ATLANTA—The Georgia World Congress Center (GWCC) was recently awarded LEED Silver certification by the U.S. Green Building Council. LEED, which stands for Leadership in Energy and Environmental Design, is a rating system for the design, operation and maintenance of green buildings. The GWCC is now the world’s largest LEED certified convention center. With 3.9 million square feet, the GWCC is also the 14th largest LEED certified building in the world. The facility, located in downtown Atlanta, first opened in 1976 with a total of 750,000 square feet. The fourth and final phase of construction of the building was completed in 2002, bringing the total square footage up to the current 3.9 million, including 1.4 million of exhibit space. “We could not be happier to receive this certification,” said Frank Poe, Executive Director of the Georgia World Congress Center Authority (GWCCA), the State Authority that governs the GWCC, Georgia Dome, Centennial Olympic Park and manages the Savannah International Trade and Convention Center.
CHICAGO—Marriott International has honored Cintas Corporation with its 2014 Supplier Sustainability Award. The annual award recognizes the Marriott supplier that has made a significant impact on its guests and properties through innovative ideas that help Marriott meet its environmental goals.
WASHINGTON, D.C.—The U.S. Green Building Council (USGBC) and Honeywell announced they are working together to deepen facility sustainability by integrating USGBC’s new LEED Dynamic Plaque, a near-real-time monitoring tool with integrated building automation technology from Honeywell to measure and provide performance feedback to help optimize operations.
ROCKVILLE, MD.—The UnWallpaper Company introduces Rollerwall, an alternative to wallpaper. The tool consists of a roller having a pattern embossed on the surface. Paint is transferred from a foam roller to the pattern roller which transfers the design to the wall. The design can also be applied to floors, ceilings, furniture, fabrics, curtains, drapes, lamp shades, sheets, tablecloths, indoors, outdoors, even garage doors. It even works on cinder block and textured walls which cannot be wallpapered.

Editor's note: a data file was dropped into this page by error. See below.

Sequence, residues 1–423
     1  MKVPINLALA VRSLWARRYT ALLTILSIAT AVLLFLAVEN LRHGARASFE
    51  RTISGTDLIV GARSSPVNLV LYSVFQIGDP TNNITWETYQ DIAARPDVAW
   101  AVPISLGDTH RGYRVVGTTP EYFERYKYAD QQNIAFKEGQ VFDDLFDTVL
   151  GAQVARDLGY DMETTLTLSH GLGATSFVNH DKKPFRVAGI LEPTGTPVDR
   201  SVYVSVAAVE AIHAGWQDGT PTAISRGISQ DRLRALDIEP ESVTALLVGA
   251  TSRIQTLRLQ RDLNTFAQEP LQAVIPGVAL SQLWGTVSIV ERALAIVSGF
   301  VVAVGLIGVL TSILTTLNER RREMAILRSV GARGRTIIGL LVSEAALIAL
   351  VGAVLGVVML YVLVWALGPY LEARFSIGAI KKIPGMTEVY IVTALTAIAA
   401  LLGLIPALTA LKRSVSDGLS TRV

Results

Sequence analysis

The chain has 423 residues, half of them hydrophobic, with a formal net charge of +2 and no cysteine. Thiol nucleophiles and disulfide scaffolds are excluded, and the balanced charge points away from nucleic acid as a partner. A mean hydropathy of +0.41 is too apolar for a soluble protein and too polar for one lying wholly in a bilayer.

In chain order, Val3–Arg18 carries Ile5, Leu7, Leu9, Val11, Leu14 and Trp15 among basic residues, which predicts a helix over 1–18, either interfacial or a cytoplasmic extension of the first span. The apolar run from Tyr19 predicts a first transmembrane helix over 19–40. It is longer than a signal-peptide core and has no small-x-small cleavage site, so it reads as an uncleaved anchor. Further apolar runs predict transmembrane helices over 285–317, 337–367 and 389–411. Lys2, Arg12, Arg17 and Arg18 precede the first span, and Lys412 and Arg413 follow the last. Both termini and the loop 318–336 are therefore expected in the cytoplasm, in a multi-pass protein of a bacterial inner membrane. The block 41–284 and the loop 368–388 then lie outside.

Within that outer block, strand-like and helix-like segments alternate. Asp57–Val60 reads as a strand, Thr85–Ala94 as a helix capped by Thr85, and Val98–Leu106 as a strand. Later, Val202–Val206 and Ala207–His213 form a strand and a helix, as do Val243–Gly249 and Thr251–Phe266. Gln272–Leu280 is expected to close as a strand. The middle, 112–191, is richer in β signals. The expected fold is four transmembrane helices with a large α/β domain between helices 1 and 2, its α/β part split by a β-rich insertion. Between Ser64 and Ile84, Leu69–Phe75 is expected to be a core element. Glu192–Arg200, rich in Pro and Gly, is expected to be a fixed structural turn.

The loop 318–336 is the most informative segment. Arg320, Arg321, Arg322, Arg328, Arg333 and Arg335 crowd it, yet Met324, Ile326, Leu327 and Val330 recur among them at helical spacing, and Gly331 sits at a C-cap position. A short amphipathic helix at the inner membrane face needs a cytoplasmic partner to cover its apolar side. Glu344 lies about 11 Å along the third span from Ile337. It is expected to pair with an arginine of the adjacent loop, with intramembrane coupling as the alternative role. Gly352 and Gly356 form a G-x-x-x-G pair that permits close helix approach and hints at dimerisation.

CALIFORNIA—Over 700 California Fairmont Hotels & Resorts colleagues accompanied by friends, family members and recruits scoured the state’s inland waterways and beaches for litter late last month as part of the 30th annual California Coastal Cleanup Day. Working with the Coastal Commission Fairmont led five drop-in cleanup sites (Newport Beach, Santa Monica, San Jose, San Francisco and Sonoma) across the state where volunteers hauled off everything from plastic backyard pools to artificial Christmas trees.
STAMFORD, CONN.—Officials of the Sheraton Stamford Hotel recently announced the completion of the hotel’s next step to achieving its sustainable goals to improve environmental efficiencies that help the hotel as well as its community. The Sheraton Stamford Hotel just completed a $200,000 project, in which they upgraded their lighting to LED throughout the hotel. According to a study from the Connecticut Energy Efficient Fund, over the life of the fixtures, the hotel’s increase in LED usage will have saved an estimated 7,412,770.00 kWh. This is equivalent to 3,755,988 pounds of coal not burned, 308,755 gallons of oil not burned, or 882 homes supplied with electricity for one year. “Savings add up fairly quickly,” said Mike Bennett, General Manager, Sheraton Stamford Hotel. “When we use less energy, there’s less energy we have to buy, and that means less waste and more savings.”